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they find that overall manufacturing employment was reduced by 1.4% under their measure and as a consequence of the trade war. so, here again, the trade war didn't work even on the populist terms. the populism seceded and the answer has to be known because the trade war heard manufacturing workers, which are the group the president argued needed special attention. of course the trade war had other effects as well. the reduction in the variety of important goods and higher prices with fewer exports which hurt the intensive firms particularly farms, lower stock returns, [inaudible] most of these are pretty
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well-established. policy uncertainty from the trade war slowed business investment, which worked against the president's signature legislative accomplishment, which was the corporate tax production. the president returned with his right hand by reducing corporate tax rates and then he discouraged investment with his left hand by starting trade wars. so, the spillover effect, not only did the populism not work, but it also reduced to the effectiveness of the president's other objectives. a little example of this uncertainty, we are doing this for the christmas season -- let's go back to the summer of 2019 which seems like it was two or three years ago with all that has happened the past two months. in june, there was a 25% tariff on $250 billion of chinese
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imports. later in the month of june, the president agreed not to impose these and then about five weeks later he abruptly changed his mind and imposed a 10% tariff on the remaining 300 billion of imports. then a few weeks after that, the president said we are not going to do that until december. when asked why he said we are doing this for the christmas season. that's a remarkable statement given that he has spent years telling the american people and telling businesses the trade war wouldn't have any adverse effect on them. this is an example of the kind of climate that is created when you enter into a trade war. how are businesses supposed to make these decisions when there's so much uncertainty about what the trade policy regime would be. this i think undermined the success of the 2017 tax law at
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least for now. but, in addition, it undermined the argument that conservatives, analysts and economists put forward which is to respond to these incentives, and if we have a president biden and he raises the corporate tax rate and people on the right and economists that are more in favor of the free markets want to reduce the corporate tax rate again, they are going to have a much harder time doing that because of the presidents trade war. let me just say a word about the populist threat over the long-term. i think the key part of the presidents populism has been this racial ethnic and religious animosity. this must have some effect on consumer spending, on business formation, particularly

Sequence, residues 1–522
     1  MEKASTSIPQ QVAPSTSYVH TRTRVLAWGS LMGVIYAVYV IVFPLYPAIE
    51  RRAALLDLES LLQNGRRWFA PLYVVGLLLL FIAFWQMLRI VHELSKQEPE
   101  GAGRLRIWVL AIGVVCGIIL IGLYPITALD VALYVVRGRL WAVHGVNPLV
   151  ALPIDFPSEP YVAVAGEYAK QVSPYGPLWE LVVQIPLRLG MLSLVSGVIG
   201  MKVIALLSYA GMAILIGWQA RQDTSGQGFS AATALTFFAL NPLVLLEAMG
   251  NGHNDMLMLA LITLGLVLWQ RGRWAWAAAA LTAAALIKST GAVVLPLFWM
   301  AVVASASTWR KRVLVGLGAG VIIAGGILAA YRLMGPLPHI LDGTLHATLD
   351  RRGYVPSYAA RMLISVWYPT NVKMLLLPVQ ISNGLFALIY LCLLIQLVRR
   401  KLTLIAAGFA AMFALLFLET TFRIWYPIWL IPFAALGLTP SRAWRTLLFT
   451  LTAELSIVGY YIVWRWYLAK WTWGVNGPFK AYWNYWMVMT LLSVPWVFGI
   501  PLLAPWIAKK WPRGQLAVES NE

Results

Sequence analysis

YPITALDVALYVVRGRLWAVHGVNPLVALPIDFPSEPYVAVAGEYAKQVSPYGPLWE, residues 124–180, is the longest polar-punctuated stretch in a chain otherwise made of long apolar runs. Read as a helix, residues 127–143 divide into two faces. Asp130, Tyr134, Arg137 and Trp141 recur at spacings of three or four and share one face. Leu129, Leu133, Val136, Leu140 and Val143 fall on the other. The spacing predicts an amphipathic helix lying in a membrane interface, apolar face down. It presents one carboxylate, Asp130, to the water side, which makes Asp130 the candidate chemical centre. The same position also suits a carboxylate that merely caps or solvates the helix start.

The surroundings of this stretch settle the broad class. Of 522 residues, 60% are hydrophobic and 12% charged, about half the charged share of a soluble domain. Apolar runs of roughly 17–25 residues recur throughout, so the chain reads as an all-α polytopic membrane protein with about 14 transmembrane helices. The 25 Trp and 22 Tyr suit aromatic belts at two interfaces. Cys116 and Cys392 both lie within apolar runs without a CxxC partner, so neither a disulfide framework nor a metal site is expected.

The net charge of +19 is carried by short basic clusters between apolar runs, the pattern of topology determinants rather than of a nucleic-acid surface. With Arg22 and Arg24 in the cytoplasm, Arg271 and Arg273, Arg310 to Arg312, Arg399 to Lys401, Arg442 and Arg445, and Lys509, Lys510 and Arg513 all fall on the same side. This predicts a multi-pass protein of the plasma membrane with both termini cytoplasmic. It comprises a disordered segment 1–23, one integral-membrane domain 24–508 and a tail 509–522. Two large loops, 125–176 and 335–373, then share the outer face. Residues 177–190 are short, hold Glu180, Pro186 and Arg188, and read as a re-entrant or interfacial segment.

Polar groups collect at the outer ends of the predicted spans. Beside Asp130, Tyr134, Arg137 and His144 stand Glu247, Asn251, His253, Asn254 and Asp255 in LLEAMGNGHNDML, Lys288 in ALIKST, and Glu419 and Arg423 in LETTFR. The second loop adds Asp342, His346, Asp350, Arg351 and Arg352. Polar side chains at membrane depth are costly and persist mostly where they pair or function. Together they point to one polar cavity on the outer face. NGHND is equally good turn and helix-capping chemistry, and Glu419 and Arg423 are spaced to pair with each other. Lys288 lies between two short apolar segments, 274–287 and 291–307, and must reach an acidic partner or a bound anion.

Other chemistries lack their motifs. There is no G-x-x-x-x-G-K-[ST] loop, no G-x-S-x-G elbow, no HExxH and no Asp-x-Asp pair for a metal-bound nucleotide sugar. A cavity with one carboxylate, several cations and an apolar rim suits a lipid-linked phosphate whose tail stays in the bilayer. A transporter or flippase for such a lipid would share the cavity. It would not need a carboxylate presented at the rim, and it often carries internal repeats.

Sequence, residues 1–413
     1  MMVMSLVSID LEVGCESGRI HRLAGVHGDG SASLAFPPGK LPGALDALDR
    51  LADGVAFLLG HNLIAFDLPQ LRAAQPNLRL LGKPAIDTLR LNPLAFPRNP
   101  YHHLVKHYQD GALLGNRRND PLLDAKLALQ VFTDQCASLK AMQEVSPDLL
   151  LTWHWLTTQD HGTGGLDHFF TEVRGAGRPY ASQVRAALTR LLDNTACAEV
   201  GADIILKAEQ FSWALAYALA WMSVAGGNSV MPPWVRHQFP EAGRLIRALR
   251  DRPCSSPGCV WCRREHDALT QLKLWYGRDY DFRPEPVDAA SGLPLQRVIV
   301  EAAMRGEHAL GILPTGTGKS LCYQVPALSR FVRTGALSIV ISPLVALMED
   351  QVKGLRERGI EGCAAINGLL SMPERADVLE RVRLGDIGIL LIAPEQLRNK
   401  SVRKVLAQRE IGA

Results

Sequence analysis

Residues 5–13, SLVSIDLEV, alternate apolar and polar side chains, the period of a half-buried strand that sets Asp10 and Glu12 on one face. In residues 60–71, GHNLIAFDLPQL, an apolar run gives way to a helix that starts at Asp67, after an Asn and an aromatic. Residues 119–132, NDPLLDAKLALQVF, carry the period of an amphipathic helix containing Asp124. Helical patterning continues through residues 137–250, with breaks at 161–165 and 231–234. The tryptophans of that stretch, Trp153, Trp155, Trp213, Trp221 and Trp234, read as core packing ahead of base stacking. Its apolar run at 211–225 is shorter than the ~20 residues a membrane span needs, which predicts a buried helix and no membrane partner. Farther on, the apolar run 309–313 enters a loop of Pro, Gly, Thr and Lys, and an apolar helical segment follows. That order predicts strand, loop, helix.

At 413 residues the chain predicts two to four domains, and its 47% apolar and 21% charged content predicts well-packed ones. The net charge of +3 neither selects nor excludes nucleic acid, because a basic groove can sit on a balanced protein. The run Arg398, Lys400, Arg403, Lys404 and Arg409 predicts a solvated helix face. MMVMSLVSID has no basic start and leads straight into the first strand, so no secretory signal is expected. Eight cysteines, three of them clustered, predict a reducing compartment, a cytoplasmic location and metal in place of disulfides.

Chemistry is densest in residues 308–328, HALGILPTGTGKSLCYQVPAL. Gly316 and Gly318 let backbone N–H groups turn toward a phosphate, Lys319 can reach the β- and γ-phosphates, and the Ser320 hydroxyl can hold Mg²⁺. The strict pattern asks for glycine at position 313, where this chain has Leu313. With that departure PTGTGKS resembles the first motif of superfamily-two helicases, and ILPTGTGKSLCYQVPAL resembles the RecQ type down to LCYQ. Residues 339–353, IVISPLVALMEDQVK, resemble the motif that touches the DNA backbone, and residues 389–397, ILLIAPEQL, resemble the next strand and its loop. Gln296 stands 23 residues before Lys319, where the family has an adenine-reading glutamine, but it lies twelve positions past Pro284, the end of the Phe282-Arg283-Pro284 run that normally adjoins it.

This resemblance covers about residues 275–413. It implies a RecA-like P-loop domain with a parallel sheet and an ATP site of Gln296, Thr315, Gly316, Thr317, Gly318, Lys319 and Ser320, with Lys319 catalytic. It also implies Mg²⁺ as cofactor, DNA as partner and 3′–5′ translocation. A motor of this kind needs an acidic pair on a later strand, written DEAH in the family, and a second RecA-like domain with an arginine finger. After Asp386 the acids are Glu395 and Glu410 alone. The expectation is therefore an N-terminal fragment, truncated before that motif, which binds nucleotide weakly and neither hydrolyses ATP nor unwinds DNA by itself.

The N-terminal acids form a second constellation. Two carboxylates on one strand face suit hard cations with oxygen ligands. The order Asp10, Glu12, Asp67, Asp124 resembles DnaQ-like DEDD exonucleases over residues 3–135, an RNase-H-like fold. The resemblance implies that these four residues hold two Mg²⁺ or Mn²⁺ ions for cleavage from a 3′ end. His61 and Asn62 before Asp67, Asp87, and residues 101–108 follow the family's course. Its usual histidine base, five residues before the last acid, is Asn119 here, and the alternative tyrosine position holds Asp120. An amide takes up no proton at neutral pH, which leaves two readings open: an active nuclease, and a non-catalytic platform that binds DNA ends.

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sustained over the longer term. the president has the protectionism and post-world war ii liberal international order as a direct threat to prosperity. those institutions and that regime have hit the bed rock of prosperity on both sides of the atlantic for seven decades, and by attacking it and by weakening it, the president risks threatening the foundation of that. and the rule of law the president has eroded the foundations of the economy by labeling the federal reserve chair man as an enemy. the president has hostility towards immigrants, threatens the united states as a global destination [inaudible] a longer run economic effect. the extent to which this damage
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occurred over the last four years i think is surprising and considerable. the extent to which it will be lasting i think is more of an open question. but all of this i think is problematic from an economic perspective, and all of it i think flows from the presidents populism. these are all manifestations and i think they contribute [inaudible] the foundation of the president's message from the inaugural address is that people -- i think it just is not at odds with how the facts are not
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in line with the economic record of the past three decades which is something i spent a lot of time on in my book. workers do enjoy the perks of their labor. the president has argued on each of these points that i'm wrong and i believe the evidence suggests the president is wrong and the populists are wrong. you hear the same charges on the left as well from senator sanders and senator warren, but i believe we can be confident. it is -- i think we should be optimistic and we should be our poor with this. we can be open to the world and we can be confident about the future. those are not just -- we can be confident, should be open and we
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are not in a zero-sum conflict because that is what the economic record shows. so, thank you for tuning in, and i look forward to the discussion. >> thanks a lot, mike. i just want to frame this for a second. i believe mike was saying that the parts of the trump populism, which seem to have worked and were good ideas, or a sort of traditional republicanism, corporate tax cuts and the regulation and the parts of this populism, which in this view have been failures, the trade war and immigration, that's populism that reflects what we hear a lot about with [inaudible] and sometimes immigration. so, casey, is mike right? isn't that just republicanism and conservative economics of